FLORA HASTINGS asks Juan Morales about his hopes and fears for the traditional Uruguayan Gaucho lifestyle in the twenty-first century.
As a boy, Juan Morales rode two hours on horse back everyday to a one-room school-house overlooking acres of grassland. Gauchos like Juan – wearing ponchos, woollen berets, and traditional cotton trousers called ‘Bombachas de Campo’ – have been living amongst Uruguay’s grasslands, or Pampas, since cattle were first introduced there by the Spanish Major of Buenos Aires in 1630. When Juan went to school, he was taught in a class of thirty pupils, but four decades later there are only three. When I spoke to him last summer, he and his partner Suzanne were deciding if they were going to send their two daughters there instead of the local town’s boarding school – choosing between the quality of their daughters’ education and sustaining a school that allows the children of neighbouring gauchos to remain at home. Gauchos now figure less than three per cent of the population of Uruguay, and without a growth in rural workers there is little government incentive to extend amenities to the most isolated parts of the North. As Juan identifies, this move would not only connect gauchos to the modern world, ensuring the survival of their historic lifestyle, but also alleviate the problems found in Uruguay’s city slums.
Juan refers to all tourists as city slickers, laughing in their faces when telling them that the estancia’s generators provide only two hours of electricity per day. Juan, however, is not a typical gaucho: ‘I am lucky’, he says’ ‘I have a generator and a fridge’. He also treks up Machu Picchu each June, has travelled on horseback across Argentina and he met his Swiss-German partner Suzanne in Tibet when he was twenty. Concerned that the traditions of Gaucho life are retreating in the face of urbanisation and the exodus of rural workers from the countryside, Juan and Suzanne opened their estancia for travellers willing to work fifteen years ago. ‘I just complain about the Gauchos that live in the darkness’ he says, ‘I am speaking for the Gauchos that do not have a voice.’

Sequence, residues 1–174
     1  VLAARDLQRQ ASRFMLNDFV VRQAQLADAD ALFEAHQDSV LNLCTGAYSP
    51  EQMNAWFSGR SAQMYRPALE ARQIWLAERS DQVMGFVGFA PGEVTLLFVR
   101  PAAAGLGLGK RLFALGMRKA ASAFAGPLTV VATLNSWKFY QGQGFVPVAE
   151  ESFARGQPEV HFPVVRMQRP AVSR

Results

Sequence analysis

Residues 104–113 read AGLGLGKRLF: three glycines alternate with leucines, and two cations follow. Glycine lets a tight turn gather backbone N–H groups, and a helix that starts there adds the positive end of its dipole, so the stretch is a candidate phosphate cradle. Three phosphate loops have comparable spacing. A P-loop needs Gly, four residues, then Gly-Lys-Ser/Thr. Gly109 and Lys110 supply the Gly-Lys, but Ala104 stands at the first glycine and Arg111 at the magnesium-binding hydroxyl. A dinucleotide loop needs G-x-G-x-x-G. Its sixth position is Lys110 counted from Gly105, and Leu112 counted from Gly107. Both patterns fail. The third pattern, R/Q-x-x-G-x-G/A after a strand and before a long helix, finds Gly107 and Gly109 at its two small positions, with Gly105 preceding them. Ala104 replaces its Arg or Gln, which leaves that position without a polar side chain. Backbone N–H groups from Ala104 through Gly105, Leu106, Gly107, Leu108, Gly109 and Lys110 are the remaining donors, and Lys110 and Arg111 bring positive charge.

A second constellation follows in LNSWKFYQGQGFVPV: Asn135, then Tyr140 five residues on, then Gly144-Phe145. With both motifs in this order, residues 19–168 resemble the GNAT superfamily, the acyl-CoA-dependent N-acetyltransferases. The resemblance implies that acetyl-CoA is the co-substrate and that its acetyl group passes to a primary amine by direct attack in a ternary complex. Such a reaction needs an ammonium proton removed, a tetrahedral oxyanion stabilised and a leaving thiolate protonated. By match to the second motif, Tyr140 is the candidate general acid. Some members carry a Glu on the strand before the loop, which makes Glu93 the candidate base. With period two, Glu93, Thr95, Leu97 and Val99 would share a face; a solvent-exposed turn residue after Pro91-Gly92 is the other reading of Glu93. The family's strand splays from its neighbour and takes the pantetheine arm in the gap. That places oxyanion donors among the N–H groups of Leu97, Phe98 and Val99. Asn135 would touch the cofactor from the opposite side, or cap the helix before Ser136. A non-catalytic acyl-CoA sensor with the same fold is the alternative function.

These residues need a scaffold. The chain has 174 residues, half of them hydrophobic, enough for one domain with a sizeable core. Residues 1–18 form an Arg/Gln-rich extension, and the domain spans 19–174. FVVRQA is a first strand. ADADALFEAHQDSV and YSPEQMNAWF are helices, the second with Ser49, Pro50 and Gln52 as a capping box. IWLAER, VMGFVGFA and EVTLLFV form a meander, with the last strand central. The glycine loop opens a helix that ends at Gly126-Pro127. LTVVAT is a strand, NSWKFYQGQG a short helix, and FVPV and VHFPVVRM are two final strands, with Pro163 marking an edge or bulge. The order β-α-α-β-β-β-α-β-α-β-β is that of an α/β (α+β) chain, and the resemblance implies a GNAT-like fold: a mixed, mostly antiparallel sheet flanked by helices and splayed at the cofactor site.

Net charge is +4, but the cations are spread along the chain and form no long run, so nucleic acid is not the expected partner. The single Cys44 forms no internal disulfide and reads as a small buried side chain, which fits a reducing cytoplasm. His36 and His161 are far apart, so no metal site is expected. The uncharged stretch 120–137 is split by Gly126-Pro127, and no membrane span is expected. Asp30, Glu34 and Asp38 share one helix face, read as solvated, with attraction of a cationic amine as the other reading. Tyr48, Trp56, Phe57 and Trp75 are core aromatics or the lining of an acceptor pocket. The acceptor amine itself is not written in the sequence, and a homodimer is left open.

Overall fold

The Gaucho lifestyle today is ‘so hard and tough and demanding, that there is not a place for resentment’ – or advocating political change. Historically, gauchos have been mythologised as nomadic, isolated figures. Emigrants from Europe were needed to manage the introduction of cattle, and the majority of gauchos at the outset were Spanish or Italian settlers. Gauchos were enlisted by warring colonialist militias in the bloody battles between European countries over ownership of the fertile land. In times of peace they rode between large estancias to work for a season, cultivating their national image as skilled equestrian herdsmen. In the early nineteenth century, figures like José Artigas, whose painting hangs in the public school Juan attended, channelled popular discontent towards the colonialists. Artigas, known as the ‘father of Uruguay’s nationhood’, ran away from a religious school aged twelve, acquired the vagabond nature of a gaucho illegally smuggling cattle and then became a military lieutenant who used tactics of guerrilla warfare to fight the Spanish royalists. Gauchos, originally fighting for colonist factions, cemented their national identity as fighters for Uruguayan independence.